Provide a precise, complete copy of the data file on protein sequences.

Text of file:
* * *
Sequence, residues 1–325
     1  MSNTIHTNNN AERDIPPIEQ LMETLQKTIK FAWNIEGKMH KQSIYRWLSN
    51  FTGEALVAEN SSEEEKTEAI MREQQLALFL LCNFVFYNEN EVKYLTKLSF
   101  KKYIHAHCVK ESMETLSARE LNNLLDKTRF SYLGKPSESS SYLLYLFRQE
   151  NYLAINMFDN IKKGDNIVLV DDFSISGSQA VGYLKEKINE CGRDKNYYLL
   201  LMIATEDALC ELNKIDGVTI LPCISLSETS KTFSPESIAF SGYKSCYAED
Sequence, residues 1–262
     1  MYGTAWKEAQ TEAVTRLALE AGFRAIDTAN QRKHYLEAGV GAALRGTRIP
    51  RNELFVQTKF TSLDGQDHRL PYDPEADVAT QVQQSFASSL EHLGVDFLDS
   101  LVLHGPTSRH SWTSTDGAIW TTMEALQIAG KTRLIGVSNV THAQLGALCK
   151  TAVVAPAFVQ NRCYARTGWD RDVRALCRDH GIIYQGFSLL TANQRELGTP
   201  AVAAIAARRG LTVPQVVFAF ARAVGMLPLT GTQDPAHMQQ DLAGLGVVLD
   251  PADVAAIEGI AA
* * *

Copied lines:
Sequence, residues 1–325
     1  MSNTIHTNNN AERDIPPIEQ LMETLQKTIK FAWNIEGKMH KQSIYRWLSN
    51  FTGEALVAEN SSEEEKTEAI MREQQLALFL LCNFVFYNEN EVKYLTKLSF
   101  KKYIHAHCVK ESMETLSARE LNNLLDKTRF SYLGKPSESS SYLLYLFRQE
   151  NYLAINMFDN IKKGDNIVLV DDFSISGSQA VGYLKEKINE CGRDKNYYLL
   201  LMIATEDALC ELNKIDGVTI LPCISLSETS KTFSPESIAF SGYKSCYAED
Sequence, residues 1–262
     1  MYGTAWKEAQ TEAVTRLALE AGFRAIDTAN QRKHYLEAGV GAALRGTRIP
    51  RNELFVQTKF TSLDGQDHRL PYDPEADVAT QVQQSFASSL EHLGVDFLDS
   101  LVLHGPTSRH SWTSTDGAIW TTMEALQIAG KTRLIGVSNV THAQLGALCK
   151  TAVVAPAFVQ NRCYARTGWD RDVRALCRDH GIIYQGFSLL TANQRELGTP
   201  AVAAIAARRG LTVPQVVFAF ARAVGMLPLT GTQDPAHMQQ DLAGLGVVLD
   251  PADVAAIEGI AA